Is Kefir really good for you?

Kefir is a cultured, enzyme-rich food that’s filled with friendly microorganisms.The word kefir means “feel good” in Turkish. Kefir grains are a combination of bacteria and yeasts, which are in a matrix of casein or milk proteins, lipids, and sugars. These symbiotic matrix grains resemble cauliflower. The matrix is a complex and highly variable community of microorganisms called probiotics. The kefir probiotics are more nutritious and therapeutic than those found in yogurt. Kefir, besides supplying protein, provides essential minerals like calcium and magnesium, phosphorus, the amino acid tryptophan, vitamin K and valuable B vitamins like vitamin B12, biotin and B1. It also contains enzymes. Kefir can be used to restore natural bacteria in the system after antibiotic therapy. It’s slightly mucous forming and the mucous has a “clean” quality to it, which creates an ideal condition in the digestive tract for the colonization of friendly bacteria.

Kefir’s abundance of beneficial yeast and bacteria provide lactase, the enzyme responsible for breaking down lactose or milk sugar, which consumes most of the lactose left after the culturing process. Lactose intolerant individuals may do well by eating kefir on an empty stomach first thing in the morning, before or for breakfast. They easily digest it.

Traditional kefir is fermented at ambient temperatures, usually overnight. It can be made from any type of milk, such as cow, goat, sheep, rice, coconut or soy. The fermentation of the lactose yields a sour, carbonated, slightly alcoholic beverage. It has a consistency similar to thin yogurt. Kefir, which was fermented by small-scale dairies early in the 20th century had alcohol levels between 1 and 2 percent, but kefir made commercially with modern methods of production has less than 1% alcohol content, probably due to reduced fermentation time.

Variations of this kefir can thrive in various other liquids. They may vary significantly from kefir in both appearance and microbial composition. Water kefir is grown in water with sugar for a day or more at room temperature. Sometimes such things as dry fruit like figs or lemon juice is added.

Kefir can be made at home simply and inexpensively. The production of traditional kefir requires kefir grains. Kefir grains contain a water-soluble polysaccharide known as kefiran that gives a rope-like texture and feeling in the mouth. Kefir grains can’t be produced from scratch, because the grains grow during fermentation, producing additional grains. Kefir grains can be bought or donated by other growers. The grains are white to yellow in color and are usually the size of a walnut, but may be as small as a grain of rice. The grains make kefir unique, because no other milk culture forms grains. After the fermentation the grains are removed with a strainer and added to a new batch of milk.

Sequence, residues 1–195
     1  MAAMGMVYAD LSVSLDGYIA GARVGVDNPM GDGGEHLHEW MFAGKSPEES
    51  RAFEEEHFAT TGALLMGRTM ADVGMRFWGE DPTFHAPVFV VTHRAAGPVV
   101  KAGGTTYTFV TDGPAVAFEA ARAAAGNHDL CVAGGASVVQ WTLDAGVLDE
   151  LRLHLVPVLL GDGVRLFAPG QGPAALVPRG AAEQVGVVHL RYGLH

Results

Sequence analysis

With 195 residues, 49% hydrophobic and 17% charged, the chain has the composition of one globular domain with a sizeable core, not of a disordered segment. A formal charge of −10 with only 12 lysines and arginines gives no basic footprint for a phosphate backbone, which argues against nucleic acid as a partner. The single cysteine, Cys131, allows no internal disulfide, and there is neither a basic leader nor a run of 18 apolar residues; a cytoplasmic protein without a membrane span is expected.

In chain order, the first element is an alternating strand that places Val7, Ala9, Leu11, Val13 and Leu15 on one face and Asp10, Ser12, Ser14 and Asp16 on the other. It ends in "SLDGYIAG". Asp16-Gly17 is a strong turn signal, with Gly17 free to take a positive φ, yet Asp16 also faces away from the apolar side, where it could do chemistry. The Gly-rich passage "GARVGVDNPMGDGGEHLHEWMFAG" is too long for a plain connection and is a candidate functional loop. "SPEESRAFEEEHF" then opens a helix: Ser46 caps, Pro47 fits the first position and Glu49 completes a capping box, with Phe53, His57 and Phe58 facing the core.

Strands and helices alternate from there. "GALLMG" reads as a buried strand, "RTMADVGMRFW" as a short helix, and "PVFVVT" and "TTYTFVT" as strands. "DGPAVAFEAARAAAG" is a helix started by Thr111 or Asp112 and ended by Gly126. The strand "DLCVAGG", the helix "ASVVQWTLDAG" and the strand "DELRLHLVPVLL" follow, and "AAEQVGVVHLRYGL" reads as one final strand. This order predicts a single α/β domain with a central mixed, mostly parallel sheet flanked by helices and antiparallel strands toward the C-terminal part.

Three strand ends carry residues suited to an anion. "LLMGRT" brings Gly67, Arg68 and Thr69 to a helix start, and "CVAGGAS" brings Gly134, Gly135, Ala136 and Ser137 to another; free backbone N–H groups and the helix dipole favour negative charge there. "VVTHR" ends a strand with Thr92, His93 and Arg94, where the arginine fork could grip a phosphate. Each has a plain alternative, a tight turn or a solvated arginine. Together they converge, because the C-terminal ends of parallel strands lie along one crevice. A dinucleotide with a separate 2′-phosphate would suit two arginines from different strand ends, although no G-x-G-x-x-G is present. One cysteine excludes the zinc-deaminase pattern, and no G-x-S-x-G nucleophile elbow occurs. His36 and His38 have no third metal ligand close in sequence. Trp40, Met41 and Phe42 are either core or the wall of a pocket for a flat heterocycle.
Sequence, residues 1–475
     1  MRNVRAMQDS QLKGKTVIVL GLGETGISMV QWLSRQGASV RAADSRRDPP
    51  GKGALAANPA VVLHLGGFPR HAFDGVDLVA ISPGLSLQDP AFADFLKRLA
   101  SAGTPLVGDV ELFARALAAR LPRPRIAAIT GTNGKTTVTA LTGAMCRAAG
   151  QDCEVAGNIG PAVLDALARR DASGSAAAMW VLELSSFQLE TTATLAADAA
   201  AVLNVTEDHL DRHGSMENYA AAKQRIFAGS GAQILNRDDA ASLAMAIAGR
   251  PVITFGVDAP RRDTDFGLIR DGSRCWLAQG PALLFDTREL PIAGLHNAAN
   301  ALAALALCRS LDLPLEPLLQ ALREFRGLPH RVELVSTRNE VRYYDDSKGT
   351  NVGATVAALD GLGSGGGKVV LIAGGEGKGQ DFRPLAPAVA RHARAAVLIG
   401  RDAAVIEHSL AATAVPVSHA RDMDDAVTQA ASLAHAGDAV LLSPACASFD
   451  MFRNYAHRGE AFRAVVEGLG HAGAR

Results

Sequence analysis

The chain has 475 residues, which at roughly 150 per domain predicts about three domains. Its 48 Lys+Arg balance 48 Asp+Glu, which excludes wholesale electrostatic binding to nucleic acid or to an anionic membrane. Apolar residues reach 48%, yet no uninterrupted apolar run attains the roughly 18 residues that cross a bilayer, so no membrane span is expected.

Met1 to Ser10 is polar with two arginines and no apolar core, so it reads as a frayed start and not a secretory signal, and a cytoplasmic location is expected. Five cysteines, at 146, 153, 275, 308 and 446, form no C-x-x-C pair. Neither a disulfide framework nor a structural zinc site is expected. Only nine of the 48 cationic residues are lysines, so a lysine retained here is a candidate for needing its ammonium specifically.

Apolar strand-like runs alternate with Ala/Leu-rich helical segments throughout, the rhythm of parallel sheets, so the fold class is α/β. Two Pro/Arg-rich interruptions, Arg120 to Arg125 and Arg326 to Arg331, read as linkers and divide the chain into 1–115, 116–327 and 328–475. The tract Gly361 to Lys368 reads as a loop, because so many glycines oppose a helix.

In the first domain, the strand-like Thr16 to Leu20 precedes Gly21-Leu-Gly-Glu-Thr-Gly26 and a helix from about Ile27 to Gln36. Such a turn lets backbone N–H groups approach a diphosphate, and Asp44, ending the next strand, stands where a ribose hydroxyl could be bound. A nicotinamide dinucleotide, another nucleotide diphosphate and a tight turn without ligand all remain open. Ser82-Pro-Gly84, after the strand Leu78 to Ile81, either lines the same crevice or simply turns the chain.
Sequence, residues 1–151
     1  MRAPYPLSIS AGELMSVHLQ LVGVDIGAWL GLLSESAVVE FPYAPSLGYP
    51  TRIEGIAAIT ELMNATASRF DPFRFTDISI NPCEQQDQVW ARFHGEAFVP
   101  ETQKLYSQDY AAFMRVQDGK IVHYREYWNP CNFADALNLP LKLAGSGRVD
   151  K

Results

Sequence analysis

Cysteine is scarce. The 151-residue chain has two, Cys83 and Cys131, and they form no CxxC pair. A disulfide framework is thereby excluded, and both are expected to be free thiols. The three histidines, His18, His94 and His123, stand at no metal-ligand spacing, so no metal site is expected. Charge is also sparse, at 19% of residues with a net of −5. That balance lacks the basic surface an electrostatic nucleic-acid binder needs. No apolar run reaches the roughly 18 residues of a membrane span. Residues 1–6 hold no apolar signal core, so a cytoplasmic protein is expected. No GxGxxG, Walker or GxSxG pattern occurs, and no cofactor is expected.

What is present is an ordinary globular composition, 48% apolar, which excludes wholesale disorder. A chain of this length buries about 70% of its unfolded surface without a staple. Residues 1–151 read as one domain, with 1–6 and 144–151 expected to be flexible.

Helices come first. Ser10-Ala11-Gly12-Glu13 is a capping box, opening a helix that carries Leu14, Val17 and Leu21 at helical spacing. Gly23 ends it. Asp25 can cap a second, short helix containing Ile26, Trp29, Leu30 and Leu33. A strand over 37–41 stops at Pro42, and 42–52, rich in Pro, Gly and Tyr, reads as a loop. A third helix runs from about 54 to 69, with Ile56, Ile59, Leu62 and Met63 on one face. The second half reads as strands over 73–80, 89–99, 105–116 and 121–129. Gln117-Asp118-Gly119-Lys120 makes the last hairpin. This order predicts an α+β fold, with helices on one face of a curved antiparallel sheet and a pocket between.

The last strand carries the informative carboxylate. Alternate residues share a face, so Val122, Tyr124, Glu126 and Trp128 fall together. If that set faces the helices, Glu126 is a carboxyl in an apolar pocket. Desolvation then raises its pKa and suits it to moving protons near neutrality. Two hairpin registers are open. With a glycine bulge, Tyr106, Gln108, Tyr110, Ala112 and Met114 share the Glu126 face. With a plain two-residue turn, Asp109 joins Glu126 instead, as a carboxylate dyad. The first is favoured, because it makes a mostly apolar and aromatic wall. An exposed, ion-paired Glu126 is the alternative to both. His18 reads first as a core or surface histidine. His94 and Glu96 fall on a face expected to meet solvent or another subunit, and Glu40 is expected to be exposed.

Kefir can be made into delicious smoothies to be enjoyed by young and old alike. It’s very nutritious for the elderly, those with compromised immunity and pregnant or nursing women. It has a tart and refreshing flavor and is similar to the drinking-style of yogurt.

You might have to introduce kefir into your diet slowly. Some people succeed on kefir from the beginning, but others need to proceed more slowly. People with candidiasis are lacking in milk digesting bacteria and may need to build up a tolerance to kefir. The best way is to start out with 4 ounces in the morning on an empty stomach. Every other day increase the amount slightly until you are able to drink 8 ounces.

Kefir and yogurt are both cultured milk products, but they contain different types of beneficial bacteria. Yogurt contains transient beneficial bacteria, which keep the digestive system clean and provide food for the friendly bacteria that abide there. What is different about kefir is it can actually colonize the intestinal tract.

Kefir contains several major strains of friendly bacteria that are not commonly found in yogurt. They are Lactobacillus Caucasus, Leuconostoc, Acetobacter species, and Streptococcus species.

Kefir also contains beneficial yeasts, being Saccharomyces kefir and Torula kefir, which dominate, control and eliminate destructive pathogenic yeasts in the body. They do this by penetrating the mucosal lining of the digestive tract, where unhealthy yeast and bacteria reside. They clean and strengthen the intestines, so that the body becomes more efficient in resisting such pathogens as E. coli and intestinal parasites

Kefir’s active yeast and bacteria also help digest the food you eat, therefore; making it more valuable than yogurt in keeping the colon clean and healthy. The curd size in kefir is also smaller than yogurt, making it easier to digest. This makes it an excellent choice for babies, the elderly and people with digestive disorders and chronic fatigue.

Kefir is known to be healthy to the nervous system and can have relaxing effects. It’s helpful to people suffering from sleep disorders, ADHD and depression. It can be beneficial to cell growth, maintenance and energy. It contributes to a healthy immune system and is helpful to people suffering from AIDS, herpes, chronic fatigue and cancer. Another benefit is that it cleans the intestines. It can be beneficial in intestinal disorders, constipation and can reduce flatulence. By making the body more balanced it can eliminate food cravings.

Kombucha, another probiotic, is a fermented tea which is very good for soothing your digestive system. You can make it at home in your own kitchen.